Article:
Industry Mix in Las Vegas Lags Behind Other Metros - 8 News NOW

Industry Mix in Las Vegas Lags Behind Other Metros

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LAS VEGAS -- When the Brookings Institution think tank in Washington, D.C., ranked the nation's 100 largest metro areas in September based on their industry mix and workforce education the Las Vegas metro area managed only a four-way tie for 84th.

Brookings lumped Las Vegas with 25 other metros found to have both an unfavorable industry composition and relative inability to match workers with the education levels available jobs require. Brookings found that these cities on average have had the hardest time fighting through the Great Recession.

"These metropolitan areas have a long-run structural problem related to a mismatch between worker education and occupational demand, and they have a short-term problem related to significant employment declines in their most prevalent industries," Brookings reported. "These metro areas are not well positioned to recover unless national demand for what their industries produce rebounds significantly, and they may have to diversify info faster growing industries like health care, professional services and clean energy.

"Moreover, regardless of national industry demand, above average unemployment rates will tend to persist until they can either boost educational attainment or stimulate greater employer demand for less educated workers."

Metro areas such as Washington, D.C., Boston and Madison, Wis., that ranked at the top of the list have had considerably lower unemployment rates than in Las Vegas and have also had less of a change in their jobless rates since the recession began. Top-ranked cities tended to have concentration of jobs in sectors such as oil and gas extraction, health care, high, tech, education and government.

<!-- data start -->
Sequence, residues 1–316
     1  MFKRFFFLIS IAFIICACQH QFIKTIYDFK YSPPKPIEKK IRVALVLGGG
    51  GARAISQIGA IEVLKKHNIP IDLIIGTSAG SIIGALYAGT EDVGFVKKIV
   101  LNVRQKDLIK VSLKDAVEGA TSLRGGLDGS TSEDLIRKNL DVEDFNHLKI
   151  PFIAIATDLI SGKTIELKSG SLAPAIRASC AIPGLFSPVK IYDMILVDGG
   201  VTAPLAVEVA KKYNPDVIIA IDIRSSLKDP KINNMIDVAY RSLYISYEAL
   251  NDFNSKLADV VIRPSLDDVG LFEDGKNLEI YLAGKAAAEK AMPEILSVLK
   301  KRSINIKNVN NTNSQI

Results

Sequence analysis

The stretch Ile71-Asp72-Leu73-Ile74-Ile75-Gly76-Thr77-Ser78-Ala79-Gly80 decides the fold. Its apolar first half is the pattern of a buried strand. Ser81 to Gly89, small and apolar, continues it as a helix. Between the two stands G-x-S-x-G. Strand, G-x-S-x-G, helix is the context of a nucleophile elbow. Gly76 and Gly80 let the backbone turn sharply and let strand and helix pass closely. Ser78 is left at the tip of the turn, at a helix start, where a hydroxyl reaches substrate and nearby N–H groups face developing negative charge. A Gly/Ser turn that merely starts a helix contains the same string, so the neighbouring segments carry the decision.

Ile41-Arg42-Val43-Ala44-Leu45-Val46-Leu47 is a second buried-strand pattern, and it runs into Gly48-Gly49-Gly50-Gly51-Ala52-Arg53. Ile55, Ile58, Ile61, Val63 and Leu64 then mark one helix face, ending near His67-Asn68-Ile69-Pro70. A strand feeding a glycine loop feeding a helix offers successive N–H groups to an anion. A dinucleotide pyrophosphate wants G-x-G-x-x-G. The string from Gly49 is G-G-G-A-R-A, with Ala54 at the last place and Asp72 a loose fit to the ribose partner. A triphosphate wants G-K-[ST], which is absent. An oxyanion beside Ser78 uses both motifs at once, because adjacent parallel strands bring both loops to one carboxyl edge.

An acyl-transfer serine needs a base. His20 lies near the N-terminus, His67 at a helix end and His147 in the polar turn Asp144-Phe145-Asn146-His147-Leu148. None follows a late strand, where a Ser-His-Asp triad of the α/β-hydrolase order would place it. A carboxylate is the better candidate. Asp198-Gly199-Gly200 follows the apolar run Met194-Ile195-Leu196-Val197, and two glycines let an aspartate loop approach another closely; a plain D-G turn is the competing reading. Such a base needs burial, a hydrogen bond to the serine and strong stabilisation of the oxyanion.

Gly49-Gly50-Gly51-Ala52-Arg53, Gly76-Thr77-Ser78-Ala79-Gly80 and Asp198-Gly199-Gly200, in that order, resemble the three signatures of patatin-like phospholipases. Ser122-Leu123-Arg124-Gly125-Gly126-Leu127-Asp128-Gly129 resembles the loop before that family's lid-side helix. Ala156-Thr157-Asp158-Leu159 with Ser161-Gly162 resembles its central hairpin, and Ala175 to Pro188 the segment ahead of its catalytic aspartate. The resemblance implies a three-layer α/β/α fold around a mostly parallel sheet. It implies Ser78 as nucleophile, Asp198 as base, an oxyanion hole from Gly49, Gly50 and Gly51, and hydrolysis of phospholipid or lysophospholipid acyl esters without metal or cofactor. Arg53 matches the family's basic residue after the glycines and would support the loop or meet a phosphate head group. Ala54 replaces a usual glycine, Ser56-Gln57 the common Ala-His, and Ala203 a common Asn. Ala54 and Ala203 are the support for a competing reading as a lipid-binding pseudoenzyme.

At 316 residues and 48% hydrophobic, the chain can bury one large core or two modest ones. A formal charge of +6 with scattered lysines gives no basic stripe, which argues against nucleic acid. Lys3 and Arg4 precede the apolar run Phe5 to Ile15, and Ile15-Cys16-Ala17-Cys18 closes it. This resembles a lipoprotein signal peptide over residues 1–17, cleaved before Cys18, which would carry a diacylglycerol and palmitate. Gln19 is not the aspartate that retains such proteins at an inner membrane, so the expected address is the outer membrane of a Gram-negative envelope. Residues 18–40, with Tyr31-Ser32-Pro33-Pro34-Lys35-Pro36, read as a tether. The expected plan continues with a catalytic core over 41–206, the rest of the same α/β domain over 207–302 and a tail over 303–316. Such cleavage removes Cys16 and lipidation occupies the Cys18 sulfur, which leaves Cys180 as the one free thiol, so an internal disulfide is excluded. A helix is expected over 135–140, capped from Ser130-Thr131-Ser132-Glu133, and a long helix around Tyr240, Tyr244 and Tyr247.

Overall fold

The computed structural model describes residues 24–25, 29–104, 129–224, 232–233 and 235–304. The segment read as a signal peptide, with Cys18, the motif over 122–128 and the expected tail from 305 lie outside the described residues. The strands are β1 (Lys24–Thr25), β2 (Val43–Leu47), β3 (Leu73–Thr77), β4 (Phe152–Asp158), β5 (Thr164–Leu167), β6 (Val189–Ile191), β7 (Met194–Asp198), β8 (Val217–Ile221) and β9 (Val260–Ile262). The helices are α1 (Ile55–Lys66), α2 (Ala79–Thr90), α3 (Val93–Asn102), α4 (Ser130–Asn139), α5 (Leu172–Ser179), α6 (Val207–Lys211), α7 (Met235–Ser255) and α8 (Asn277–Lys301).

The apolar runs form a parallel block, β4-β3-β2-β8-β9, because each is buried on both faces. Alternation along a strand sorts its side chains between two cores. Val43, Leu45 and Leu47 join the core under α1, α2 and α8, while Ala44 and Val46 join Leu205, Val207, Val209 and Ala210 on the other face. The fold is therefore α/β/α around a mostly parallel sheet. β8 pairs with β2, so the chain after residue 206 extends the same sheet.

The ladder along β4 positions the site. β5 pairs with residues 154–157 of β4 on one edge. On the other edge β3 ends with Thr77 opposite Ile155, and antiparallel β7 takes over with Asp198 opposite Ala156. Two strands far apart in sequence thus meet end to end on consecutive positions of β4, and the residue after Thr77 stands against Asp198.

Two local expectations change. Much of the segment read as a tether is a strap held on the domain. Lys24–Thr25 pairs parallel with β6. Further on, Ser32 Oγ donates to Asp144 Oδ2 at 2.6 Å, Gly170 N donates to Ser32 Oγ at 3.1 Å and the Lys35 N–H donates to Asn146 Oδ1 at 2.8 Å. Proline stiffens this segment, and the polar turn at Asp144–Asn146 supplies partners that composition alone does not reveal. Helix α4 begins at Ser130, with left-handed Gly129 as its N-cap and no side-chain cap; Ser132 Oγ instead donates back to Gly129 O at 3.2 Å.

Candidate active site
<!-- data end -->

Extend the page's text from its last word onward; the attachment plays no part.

Brookings found that on average unemployment rates were 2 percent higher in cities such as Las Vegas with vulnerable industries and high education gaps than in the top-ranked metros.

Las Vegas was singled out in the report for having a workforce at the beginning of the recession in 2007 that was heavily concentrated in "two extremely fragile industries" -- hotel accommodation and specialty trade contractors in the construction industry.

Construction shed 1.7 million jobs nationally from 2006 through 2009, while industries requiring higher education added jobs in those years, Brookings reported. This included professional, scientific and technical services (148,000 jobs), educational services (191,000), hospitals (244,000) and ambulatory health care services (505,000).

Las Vegas ranked only 94th in the strength of its industry composition based on a formula that measured the job growth of its major industries from 2007 to 2009, when the Great Recession swept the nation. During those years Las Vegas experienced a 6.2 percent drop in what Brookings coined as predicted industry job growth, which estimates the growth of a metro area's labor force in its core industries based on national averages for those industries. Metros nationally averaged a 4.9 percent decline.

The Las Vegas metro area also ranked 55th in its ability to match workers with jobs based on the education required.

When the report was released Brookings told the Las Vegas Sun that from the beginning of the recession in December 2007 through 2009 the metro area suffered a 41 percent loss of building construction jobs versus 30 percent nationally and a 9 percent decline in resort industry jobs compared with a 5.8 percent loss nationwide.

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